First, you have to sign up directly at moviepass.com. Name, address, etc. Then you download the MoviePass app – in my case, from the app store. There, I entered my debit card details and was told that I would receive my card in 5-7 days.  I had a problem downloading the app. It took several attempts over the course of the night to actually to download the thing, which I presume was down to heavy traffic. MoviePass said it’s goal was to attract 150,000 new subscribers by late 2018,  but they hit that target in two days, according to deadline.com.  The second problem was getting the card. 5-7 days was extremely optimistic. Mine came in about two and a half weeks. With the huge amount of subscribers, I can understand the delay. But until I received an official e-mail from MoviePass telling me my card would take longer than originally stated, I did start to worry that I’d been duped. But the card arrived and I got to work.

 

The first thing you do is open the app and tell MoviePass you have received your card. This allows you to see every location where you can use MoviePass. For me, the map looked like this:

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That’s a lot of choice in and around Tampa. Click on the Cinema closest to you and browse the selection of films. So, for example, I clicked on my local AMC and browsed the movies:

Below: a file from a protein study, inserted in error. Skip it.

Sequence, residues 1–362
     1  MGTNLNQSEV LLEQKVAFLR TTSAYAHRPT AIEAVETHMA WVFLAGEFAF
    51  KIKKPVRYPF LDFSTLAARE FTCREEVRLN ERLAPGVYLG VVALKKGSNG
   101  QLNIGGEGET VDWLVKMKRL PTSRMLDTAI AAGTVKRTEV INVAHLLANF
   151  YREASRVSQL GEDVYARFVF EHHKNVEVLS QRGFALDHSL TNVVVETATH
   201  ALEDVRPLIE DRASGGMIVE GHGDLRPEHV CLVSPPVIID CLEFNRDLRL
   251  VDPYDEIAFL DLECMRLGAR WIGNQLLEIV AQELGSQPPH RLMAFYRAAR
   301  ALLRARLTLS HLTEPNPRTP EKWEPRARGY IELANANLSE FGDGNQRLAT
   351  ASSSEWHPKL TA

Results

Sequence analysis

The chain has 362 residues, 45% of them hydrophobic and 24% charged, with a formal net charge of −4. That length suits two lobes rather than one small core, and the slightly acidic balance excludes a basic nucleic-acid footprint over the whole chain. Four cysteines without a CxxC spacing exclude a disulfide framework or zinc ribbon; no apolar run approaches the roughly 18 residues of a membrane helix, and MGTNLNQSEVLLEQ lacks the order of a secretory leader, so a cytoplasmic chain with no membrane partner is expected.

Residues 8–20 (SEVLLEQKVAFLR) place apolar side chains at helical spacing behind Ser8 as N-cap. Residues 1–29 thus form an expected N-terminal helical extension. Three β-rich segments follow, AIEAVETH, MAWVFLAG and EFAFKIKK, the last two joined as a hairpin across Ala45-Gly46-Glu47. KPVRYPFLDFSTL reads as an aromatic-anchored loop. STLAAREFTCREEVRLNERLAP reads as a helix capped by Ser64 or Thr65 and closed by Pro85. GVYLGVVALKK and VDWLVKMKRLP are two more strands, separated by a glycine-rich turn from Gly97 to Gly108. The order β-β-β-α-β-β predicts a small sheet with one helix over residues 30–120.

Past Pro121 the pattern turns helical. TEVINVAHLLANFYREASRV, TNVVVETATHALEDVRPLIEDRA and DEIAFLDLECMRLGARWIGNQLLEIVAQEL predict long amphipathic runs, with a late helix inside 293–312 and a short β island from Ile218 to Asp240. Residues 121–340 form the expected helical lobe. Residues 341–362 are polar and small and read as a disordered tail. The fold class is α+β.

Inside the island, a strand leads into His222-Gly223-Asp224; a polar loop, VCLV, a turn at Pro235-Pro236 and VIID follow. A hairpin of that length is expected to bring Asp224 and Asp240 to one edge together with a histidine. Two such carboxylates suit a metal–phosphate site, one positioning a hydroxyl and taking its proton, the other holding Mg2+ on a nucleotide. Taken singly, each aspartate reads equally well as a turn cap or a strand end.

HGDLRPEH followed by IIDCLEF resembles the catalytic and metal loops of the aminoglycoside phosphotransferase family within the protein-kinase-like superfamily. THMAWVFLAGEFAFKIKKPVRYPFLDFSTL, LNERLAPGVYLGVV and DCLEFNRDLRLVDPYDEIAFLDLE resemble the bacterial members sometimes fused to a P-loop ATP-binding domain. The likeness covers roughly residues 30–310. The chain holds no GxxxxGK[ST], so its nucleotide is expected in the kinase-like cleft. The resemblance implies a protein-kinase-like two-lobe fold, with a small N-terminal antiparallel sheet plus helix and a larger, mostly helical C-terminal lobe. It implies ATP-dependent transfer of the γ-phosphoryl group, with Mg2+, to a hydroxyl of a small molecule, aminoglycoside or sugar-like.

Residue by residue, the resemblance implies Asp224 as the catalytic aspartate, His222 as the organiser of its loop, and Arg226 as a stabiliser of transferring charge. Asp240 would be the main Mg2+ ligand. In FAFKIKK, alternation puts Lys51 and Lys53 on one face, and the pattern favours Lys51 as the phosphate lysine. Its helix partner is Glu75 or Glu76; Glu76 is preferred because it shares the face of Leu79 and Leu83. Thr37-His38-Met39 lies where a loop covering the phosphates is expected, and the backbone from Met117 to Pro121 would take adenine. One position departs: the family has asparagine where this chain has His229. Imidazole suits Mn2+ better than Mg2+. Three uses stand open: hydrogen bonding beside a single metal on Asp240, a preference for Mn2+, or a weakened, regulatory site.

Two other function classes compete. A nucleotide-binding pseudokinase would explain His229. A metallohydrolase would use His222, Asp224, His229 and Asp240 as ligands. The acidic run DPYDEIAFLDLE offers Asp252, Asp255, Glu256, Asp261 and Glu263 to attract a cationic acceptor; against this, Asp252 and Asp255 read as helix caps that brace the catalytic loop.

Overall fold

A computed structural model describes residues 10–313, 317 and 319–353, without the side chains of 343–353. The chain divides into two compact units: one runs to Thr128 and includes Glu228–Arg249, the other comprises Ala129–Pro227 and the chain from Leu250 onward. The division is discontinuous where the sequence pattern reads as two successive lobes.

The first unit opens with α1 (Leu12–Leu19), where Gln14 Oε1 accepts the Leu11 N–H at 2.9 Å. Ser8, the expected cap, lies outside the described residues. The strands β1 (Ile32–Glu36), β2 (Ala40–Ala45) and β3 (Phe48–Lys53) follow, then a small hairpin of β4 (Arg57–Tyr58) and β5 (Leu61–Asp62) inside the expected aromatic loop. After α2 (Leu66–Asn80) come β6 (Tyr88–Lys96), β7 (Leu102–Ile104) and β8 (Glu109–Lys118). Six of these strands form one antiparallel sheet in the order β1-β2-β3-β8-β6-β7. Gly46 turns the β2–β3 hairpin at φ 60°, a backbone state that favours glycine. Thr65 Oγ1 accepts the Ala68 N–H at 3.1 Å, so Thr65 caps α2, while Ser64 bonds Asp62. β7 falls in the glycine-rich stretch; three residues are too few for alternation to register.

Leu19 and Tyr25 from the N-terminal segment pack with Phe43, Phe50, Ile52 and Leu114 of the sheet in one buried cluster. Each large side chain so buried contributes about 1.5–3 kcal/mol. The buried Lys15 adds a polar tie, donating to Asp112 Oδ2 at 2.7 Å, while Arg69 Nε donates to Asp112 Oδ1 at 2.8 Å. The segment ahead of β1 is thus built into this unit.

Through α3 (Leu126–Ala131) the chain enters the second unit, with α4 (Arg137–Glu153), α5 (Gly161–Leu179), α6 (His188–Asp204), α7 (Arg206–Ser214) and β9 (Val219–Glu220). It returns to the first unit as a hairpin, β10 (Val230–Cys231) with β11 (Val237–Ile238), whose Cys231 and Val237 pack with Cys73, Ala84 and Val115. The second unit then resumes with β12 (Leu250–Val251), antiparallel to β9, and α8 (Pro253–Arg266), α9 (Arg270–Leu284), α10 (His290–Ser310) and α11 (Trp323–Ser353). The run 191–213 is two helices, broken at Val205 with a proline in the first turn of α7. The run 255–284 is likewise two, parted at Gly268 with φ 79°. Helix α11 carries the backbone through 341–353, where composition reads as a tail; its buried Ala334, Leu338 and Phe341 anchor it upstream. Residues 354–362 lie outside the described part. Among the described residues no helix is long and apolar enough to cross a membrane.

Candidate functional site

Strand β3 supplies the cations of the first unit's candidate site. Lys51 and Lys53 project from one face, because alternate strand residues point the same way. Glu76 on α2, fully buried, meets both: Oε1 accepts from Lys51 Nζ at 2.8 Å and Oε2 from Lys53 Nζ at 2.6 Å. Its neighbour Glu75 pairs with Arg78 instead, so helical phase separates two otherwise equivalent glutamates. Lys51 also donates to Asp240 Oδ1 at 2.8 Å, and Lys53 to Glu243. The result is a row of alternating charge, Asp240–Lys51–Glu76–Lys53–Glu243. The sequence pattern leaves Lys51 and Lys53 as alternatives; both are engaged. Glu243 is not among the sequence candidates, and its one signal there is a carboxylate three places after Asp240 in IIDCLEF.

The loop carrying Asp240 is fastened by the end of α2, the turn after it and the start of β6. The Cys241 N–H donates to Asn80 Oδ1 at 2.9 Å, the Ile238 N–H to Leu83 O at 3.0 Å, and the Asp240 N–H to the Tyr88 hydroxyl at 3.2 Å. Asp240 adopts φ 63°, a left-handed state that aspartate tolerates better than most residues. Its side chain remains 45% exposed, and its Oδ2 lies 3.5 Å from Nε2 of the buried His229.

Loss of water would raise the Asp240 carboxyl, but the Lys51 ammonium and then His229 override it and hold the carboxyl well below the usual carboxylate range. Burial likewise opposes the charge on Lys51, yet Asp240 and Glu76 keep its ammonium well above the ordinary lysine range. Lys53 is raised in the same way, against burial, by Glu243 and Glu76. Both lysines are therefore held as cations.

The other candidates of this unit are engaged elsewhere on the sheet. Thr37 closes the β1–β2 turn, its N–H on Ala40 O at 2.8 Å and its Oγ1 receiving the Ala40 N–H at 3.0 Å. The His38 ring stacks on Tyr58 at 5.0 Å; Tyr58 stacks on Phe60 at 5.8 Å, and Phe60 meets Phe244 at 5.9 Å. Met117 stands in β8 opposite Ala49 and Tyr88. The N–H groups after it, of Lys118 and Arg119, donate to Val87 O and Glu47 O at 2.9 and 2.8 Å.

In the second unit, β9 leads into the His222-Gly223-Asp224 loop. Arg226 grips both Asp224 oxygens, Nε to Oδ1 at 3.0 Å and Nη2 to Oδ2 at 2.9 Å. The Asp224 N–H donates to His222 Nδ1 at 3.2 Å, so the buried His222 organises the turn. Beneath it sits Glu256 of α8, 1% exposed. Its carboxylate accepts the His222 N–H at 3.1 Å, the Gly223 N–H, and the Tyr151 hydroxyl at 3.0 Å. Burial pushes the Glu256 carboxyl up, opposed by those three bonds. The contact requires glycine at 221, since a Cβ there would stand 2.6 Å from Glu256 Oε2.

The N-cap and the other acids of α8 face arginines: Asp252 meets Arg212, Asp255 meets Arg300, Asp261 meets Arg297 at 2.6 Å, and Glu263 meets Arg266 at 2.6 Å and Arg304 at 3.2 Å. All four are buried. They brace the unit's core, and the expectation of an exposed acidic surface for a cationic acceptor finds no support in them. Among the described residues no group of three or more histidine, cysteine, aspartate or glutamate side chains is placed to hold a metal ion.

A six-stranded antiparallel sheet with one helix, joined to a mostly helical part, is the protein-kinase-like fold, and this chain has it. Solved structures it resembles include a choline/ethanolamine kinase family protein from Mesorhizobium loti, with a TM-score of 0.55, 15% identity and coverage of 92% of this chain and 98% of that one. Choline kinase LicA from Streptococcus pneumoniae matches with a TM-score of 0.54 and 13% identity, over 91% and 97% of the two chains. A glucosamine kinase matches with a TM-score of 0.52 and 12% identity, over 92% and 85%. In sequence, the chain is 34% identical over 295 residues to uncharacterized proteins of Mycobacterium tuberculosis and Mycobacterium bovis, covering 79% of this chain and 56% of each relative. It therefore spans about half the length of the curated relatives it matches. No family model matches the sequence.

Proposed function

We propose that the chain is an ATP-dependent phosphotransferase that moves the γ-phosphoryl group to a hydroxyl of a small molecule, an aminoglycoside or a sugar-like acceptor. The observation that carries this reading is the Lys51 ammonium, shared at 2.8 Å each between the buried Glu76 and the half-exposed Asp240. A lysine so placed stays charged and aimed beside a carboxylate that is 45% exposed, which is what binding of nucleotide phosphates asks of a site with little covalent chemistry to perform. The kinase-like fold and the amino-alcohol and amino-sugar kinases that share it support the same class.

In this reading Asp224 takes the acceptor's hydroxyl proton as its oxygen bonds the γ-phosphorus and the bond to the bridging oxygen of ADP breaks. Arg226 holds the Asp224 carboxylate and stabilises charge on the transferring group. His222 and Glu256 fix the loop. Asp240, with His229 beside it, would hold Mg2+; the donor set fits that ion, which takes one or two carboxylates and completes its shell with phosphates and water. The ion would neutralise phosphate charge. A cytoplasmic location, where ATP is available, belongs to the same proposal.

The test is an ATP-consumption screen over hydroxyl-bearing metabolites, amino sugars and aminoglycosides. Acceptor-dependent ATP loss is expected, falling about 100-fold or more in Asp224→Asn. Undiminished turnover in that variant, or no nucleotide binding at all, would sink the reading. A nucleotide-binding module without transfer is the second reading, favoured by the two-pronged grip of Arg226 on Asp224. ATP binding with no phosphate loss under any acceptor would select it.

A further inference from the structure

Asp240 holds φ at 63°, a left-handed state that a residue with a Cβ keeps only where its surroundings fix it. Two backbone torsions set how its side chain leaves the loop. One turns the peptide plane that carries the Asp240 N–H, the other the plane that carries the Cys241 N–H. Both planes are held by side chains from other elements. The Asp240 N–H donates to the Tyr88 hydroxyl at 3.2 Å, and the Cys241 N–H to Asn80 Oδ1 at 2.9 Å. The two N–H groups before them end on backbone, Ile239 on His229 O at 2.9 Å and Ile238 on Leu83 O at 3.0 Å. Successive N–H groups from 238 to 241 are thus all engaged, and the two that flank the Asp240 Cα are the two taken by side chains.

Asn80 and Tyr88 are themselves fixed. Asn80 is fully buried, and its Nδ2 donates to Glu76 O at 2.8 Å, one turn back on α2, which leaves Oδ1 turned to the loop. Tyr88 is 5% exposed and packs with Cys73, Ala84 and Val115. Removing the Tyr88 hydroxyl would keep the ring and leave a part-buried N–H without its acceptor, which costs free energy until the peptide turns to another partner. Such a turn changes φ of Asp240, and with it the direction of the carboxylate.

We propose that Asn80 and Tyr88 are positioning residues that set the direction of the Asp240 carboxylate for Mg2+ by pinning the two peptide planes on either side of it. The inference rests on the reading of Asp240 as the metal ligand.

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Now let’s say I wanted to see Wind River (and you should too, it’s very very good!) click on your preferred time and you’ll see this:

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Note that you must be within 100 yards of the theater to activate your ticket. That’s because once you are within range, MoviePass will transfer the cost of a ticket to your MoviePass card, (which, in reality, is a MasterCard with MoviePass written on it…) and once you’ve checked in, you use your card like you would any other Debit or Credit Card to buy your ticket.

 

This might seem like a pain, with having to check in then swipe a card. But in today’s world, I think “checking in” whether it be on Facebook or Instagram is second nature to most social media users.  The main drawback I see of this method, is if your phone has no service or your battery runs out. It could be very embarrassing waiting in line holding your phone in the air trying to find a signal. Or if you like to plan your trips to the cinema in advance and have a specific seat you like to sit in, again, you could be out of luck. Unless you go to the cinema earlier in the day and purchase your ticket, you’ll be left with whatever seats remain. I would say this only applies to your Friday and Saturday night audience, but it still could be an inconvenience for some.